Visit Indy CEO Leonard Hoops on Achieving Work-Life Balance

Convene asked Visit Indy’s Leonard Hoops about whether he thought the post-pandemic emphasis on work-life balance would change the way the industry operates. Yes, Hoops said — and no.

Author: Barbara Palmer       

runners legs in race

There will always be someone who moves a little faster in the race for that next opportunity.

During a recent podcast interview with Leonard Hoops, president and CEO of Visit Indy and chair of PCMA’s 2024 Board of Directors and Trustees, Magdalina Atanassova, Convene’s digital media editor and podcast host, asked Hoops whether he thought the industry would change in order to attract younger professionals who are oriented toward work-life balance. In his answer, Hoops referred to one of his favorite quotes, from American long-distance runner Steve Prefontaine: “No matter how hard you train, Somebody will train harder. No matter how hard you run, Somebody will run harder. No matter how hard you want it, Somebody will want it more. I am Somebody.”

Here is what Hoops had to say about managing people vis a vis work-life balance:

Leonard Hoops headshot

Leonard Hoops

“The easy answer to [whether the industry will change] is yes and no. Yes, there has been a paradigm shift — people are looking for balance in general. The ‘no’ is that the human condition is such that people who want to achieve more are going to end up not having that great of a balance — it’s just the nature of the human being. There are people who want that balance in the world. If that makes them happy, great. I’m all for that.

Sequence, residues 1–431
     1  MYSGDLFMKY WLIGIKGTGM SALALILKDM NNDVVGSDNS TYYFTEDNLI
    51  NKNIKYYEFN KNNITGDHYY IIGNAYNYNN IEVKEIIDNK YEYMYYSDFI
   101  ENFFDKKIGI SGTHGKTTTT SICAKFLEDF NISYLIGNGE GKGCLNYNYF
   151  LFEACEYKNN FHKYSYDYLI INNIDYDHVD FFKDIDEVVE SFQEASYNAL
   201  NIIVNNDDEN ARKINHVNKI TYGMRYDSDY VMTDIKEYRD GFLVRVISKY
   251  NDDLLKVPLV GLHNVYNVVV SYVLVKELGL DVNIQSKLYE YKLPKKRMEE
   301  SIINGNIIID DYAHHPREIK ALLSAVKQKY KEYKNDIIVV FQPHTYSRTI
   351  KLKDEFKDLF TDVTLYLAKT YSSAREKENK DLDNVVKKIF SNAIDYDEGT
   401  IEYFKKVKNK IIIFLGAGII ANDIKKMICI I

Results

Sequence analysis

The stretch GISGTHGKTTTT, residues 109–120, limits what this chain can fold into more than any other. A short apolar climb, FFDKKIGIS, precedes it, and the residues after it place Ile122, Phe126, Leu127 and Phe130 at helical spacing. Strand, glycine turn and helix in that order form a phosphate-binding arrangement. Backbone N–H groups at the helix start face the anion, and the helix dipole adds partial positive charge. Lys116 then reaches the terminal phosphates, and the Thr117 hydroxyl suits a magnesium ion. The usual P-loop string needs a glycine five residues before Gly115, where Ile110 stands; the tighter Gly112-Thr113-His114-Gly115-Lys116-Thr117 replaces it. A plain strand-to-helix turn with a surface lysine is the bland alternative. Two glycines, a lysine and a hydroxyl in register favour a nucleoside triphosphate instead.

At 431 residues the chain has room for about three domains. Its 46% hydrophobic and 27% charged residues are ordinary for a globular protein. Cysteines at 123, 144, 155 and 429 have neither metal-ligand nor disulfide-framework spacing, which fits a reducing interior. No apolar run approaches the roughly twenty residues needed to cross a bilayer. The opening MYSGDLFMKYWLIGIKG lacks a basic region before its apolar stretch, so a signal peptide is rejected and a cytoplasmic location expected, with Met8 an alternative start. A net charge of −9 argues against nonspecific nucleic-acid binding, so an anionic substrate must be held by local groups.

“My team at Visit Indy — 58 people — is a mix of people who are not looking to be working 60 hours a week and I have no issue with that. But there are also people who are going to want to do that and who are looking to move up, whether it’s at Visit Indy or somewhere else within the industry, in their careers. And you can’t kind of have it both ways. If there’s some part of your team that is putting in extra and they want to move up, you’re going to notice that as the CEO, relative to somebody who is like, ‘I’m eight to five and I’m traveling when I want to travel, etc.’ You can’t always have it both ways. So, I fully support and want to empower those who want to have that balance, because I think that’s great.

“We’re seeing more people with flexible work schedules, there are more organizations open to that, as long as we get the job done. But the human condition — we’re just wired in a way as a species that there [are] going to be people who, like Prefontaine, are Somebody, and that Somebody is going to come for that next opportunity.”

This interview excerpt has been edited and condensed. You can hear the entire conversation below or on the Convene Podcast.

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